Innovation & Technology
Weekly Roundup

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This week's headlines:



Google Translate AI invents its own language to translate with
November 30, 2016

Google Translate is getting brainier. The online translation tool recently started using a neural network to translate between some of its most popular languages - and the system is now so clever it can do this for language pairs on which it has not been explicitly trained. To do this, it seems to have created its own artificial language.

Traditional machine-translation systems break sentences into words and phrases, and translate each individually. In September, Google Translate unveiled a new system that uses a neural network to work on entire sentences at once, giving it more context to figure out the best translation. This system is now in action for eight of the most common language pairs on which Google Translate works.

Although neural machine-translation systems are fast becoming popular, most only work on a single pair of languages, so different systems are needed to translate between others. With a little tinkering, however, Google has extended its system so that it can handle multiple pairs - and it can translate between two languages when it hasn't been directly trained to do so.

For example, if the neural network has been taught to translate between English and Japanese, and English and Korean, it can also translate between Japanese and Korean without first going through English. This capability may enable Google to quickly scale the system to translate between a large number of languages.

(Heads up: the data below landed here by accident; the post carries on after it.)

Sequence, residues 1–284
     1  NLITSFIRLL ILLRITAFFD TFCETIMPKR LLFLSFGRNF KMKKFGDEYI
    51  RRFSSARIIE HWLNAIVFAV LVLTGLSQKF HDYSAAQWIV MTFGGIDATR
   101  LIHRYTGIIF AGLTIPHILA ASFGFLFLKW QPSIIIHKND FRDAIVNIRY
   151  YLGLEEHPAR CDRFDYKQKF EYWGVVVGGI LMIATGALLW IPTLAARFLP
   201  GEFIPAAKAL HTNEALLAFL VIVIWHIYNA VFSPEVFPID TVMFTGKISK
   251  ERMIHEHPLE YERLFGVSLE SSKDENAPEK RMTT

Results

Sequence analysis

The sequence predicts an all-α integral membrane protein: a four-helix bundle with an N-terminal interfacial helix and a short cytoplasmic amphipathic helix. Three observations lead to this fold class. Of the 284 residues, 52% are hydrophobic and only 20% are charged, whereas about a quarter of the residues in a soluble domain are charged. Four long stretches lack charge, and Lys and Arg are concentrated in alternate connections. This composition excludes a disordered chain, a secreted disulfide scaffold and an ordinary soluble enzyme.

Google's researchers think their system achieves this breakthrough by finding a common ground whereby sentences with the same meaning are represented in similar ways regardless of language - which they say is an example of an 'interlingua'. In a sense, that means it has created a new common language, albeit one that's specific to the task of translation and not readable or usable for humans.

Full story: New Scientist Back to top


One simple algorithm could explain human intelligence
December 01, 2016

It's a mind-bending idea: that all the complex thoughts running through our heads are the product of a set of definable sums. But scientists have identified clear patterns in the brains of mice and hamsters, and if a similar phenomenon could be found in human brains, it could form the basis of such an algorithm for intelligence.

Last year, Joe Tsien from Augusta University in Georgia published his 'Theory of Connectivity', in which he put forward the idea that groups of neurons, called neural cliques, come together in pre-wired ways to process thought and knowledge. Essentially, it's a framework for arranging the brain's billions of neurons. Tsien says these cliques then assemble to form functional connectivity motifs (FCMs), which could represent all the potential variations in human thought. The harder we need to think the more cliques are required to make up that FCM.

For his latest study, Tsien put his Theory of Connectivity and FCMs to the test, using electrodes implanted at specific points in the brains of mice and hamsters to monitor neuron activity. His team was able to predict the neural cliques that formed in response to certain scenarios, such as the arrival of food or the presence of a threat. Depending on the scenario, the animals' neurons arranged themselves in very predictable groups.

At the centre of Tsien's hypothesis is the formula n = 2^i - 1, where 'n' is the number of connected neural cliques, '2' indicates whether the neurons are receiving an input or not, 'i' is the information being received, and '-1' is accounting for multiple possibilities. Tsien says this formula is enough to predict FCM grouping.